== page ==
:: Bazzani, Giuseppe...

BAZZANI, Giuseppe
(b. 1690, Mantova, d. 1769, Mantova)

Italian painter. He was the son of the goldsmith Giovanni Bazzani and trained in the studio of Giovanni Canti (1653-1715). Giuseppe was a refined and cultivated artist and as a young man profited from the rich collections of art in Mantua, studying the works of Andrea
Mantegna, Giulio Romano, 16th-century Venetian painters, especially Paolo Veronese, and Flemish artists, above all Rubens.
His earliest works, for example the Assumption (private collection), reveal an affinity with contemporary Venetian painters such as Giovanni Battista
Piazzetta, Federico Bencovich and Andrea Celesti, but Bazzani rapidly absorbed the influence of Antonio Balestra, Domenico Fetti and most of all Rubens and Veronese. The inspiration of the last two artists is apparent in a number of works that may be dated in the 1720s and early 1730s. These include the Miracles of Pius V, the Conversion of a Heretic and the Healing of a Madwoman (all mid-1720s; Mantua, Museo Palazzo Ducale) painted for the church of S Maurizio in Mantua; paintings of St John the Evangelist, St Mark and St Luke (all late 1720s; Vasto di Goito, parish church); and the Baptism, the Ecstasy of St Aloysius Gonzaga (1729) and the Ecstasy of SS Francis and Anthony (1732; all Borgoforte, parish church). Seven paintings of scenes from the Life of Alexander the Great (Mantua, Museo Palazzo d'Arco), which date from c. 1738, were painted for Giacomo Biondi, one of the artist's first patrons, and are distinguished by their theatrical splendour and awareness of a rich artistic tradition. This period culminated in the Baroque drama of the Delivery of the Keys to St Peter (1739; Goito, parish church), Bazzani's first documented work.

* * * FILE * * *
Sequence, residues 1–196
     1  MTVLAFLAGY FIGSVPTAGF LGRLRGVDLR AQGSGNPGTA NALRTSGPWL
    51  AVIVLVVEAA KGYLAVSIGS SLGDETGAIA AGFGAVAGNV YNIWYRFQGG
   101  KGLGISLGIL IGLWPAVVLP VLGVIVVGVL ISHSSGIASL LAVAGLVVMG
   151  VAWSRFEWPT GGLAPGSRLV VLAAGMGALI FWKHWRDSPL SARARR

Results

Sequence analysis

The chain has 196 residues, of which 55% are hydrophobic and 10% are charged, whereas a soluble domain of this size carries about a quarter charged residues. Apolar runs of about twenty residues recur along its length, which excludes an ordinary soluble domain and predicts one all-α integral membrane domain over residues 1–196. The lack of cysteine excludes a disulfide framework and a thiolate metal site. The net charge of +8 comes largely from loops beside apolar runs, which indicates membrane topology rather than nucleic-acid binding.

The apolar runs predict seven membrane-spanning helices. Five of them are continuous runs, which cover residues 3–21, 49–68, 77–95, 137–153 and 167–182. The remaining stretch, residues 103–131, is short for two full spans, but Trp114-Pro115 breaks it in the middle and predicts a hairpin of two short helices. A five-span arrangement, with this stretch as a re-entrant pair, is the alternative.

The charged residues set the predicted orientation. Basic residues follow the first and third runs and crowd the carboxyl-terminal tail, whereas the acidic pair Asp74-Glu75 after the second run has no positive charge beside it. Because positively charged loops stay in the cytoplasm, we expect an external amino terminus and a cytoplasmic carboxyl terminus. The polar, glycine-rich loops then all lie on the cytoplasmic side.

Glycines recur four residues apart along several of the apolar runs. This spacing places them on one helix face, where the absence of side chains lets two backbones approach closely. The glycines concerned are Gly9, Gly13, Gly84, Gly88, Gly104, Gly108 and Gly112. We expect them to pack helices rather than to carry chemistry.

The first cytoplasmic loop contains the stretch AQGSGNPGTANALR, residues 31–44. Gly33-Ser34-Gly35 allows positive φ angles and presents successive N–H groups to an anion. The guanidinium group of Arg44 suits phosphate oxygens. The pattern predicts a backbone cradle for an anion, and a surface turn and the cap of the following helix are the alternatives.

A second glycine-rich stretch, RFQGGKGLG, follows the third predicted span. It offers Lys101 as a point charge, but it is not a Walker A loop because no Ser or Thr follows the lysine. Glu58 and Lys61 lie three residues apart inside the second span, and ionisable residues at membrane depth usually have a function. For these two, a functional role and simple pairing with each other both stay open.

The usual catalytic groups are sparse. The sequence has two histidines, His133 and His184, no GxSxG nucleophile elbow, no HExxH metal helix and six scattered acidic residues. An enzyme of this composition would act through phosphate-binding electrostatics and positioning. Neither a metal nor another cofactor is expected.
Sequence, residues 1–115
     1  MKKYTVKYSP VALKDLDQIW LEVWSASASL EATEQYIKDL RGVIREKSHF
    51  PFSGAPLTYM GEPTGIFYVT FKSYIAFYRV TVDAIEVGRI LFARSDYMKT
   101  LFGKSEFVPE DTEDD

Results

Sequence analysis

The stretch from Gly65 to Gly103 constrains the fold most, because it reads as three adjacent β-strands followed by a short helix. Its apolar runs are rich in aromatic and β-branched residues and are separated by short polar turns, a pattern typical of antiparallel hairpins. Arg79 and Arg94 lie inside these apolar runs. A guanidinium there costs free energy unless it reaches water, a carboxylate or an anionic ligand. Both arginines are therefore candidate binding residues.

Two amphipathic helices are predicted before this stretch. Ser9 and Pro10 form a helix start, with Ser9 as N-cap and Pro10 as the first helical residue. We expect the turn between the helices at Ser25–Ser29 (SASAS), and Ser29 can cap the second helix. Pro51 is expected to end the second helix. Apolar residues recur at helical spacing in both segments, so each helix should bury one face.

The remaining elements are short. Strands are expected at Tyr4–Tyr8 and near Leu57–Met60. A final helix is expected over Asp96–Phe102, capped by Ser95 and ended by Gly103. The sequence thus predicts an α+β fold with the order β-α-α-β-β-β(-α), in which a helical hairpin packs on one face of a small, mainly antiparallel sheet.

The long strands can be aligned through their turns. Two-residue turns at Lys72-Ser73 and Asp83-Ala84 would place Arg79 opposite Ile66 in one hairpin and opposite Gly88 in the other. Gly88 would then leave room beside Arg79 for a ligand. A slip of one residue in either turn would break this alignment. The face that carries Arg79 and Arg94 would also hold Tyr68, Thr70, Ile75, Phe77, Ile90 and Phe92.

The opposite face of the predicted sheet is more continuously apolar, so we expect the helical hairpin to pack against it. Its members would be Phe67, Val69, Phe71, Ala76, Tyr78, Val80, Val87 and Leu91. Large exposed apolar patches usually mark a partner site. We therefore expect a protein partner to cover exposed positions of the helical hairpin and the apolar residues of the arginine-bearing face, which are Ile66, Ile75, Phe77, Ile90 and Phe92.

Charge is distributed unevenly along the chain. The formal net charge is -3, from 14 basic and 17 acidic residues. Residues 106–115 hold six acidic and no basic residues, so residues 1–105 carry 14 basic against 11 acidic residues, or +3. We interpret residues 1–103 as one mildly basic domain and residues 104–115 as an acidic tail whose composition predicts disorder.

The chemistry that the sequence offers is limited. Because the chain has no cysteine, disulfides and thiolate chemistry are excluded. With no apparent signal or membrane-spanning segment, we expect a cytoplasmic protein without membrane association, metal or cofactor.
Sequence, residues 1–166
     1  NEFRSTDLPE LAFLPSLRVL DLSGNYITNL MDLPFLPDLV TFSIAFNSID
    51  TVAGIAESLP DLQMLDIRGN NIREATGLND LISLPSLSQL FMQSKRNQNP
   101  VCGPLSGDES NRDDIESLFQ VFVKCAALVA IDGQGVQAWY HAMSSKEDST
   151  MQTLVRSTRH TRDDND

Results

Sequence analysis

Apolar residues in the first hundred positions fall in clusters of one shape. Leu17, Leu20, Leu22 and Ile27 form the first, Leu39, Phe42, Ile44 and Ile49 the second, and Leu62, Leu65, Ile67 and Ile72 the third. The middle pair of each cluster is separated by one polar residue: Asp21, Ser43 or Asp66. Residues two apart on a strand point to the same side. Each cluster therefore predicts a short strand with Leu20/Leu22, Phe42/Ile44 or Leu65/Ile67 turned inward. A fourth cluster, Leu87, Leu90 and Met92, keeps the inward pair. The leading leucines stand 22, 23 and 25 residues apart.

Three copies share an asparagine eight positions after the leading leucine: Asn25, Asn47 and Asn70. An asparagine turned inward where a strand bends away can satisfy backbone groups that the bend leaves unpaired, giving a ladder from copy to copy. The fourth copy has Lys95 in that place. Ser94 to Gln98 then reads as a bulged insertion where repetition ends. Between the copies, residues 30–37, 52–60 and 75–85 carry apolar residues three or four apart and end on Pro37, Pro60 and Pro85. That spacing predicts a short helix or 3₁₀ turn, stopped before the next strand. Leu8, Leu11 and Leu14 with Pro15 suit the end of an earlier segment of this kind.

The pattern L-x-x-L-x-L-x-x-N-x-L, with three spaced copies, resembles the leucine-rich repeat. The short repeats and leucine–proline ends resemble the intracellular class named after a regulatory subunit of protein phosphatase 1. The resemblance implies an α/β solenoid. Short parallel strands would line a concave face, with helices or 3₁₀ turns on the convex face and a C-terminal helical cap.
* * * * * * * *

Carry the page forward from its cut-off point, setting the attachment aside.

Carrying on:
Bazzani absorbed the painterly styles of earlier artists such as Paolo Veronese, Pieter Paul Rubens, and Anthony van Dyck. Bazzani's rapid, sketchy brushstroke may have derived not only from these artists but also from his Italian contemporary, Alessandro
Magnasco. Bazzani remained in Mantua throughout his entire artistic career and died there. From 1752 he was professor at the Academy of Fine Arts in Mantua.


:: Gerard Terborch...

Gerard Terborch
This Dutch painter was born in 1617 in Zwolle into the family of an artist, Gerard Terborch the Elder, who became his first mentor. Then, in 1634, Gerard was apprenticed to Pieter de Molyn in Haarlem, where he also experienced the influence of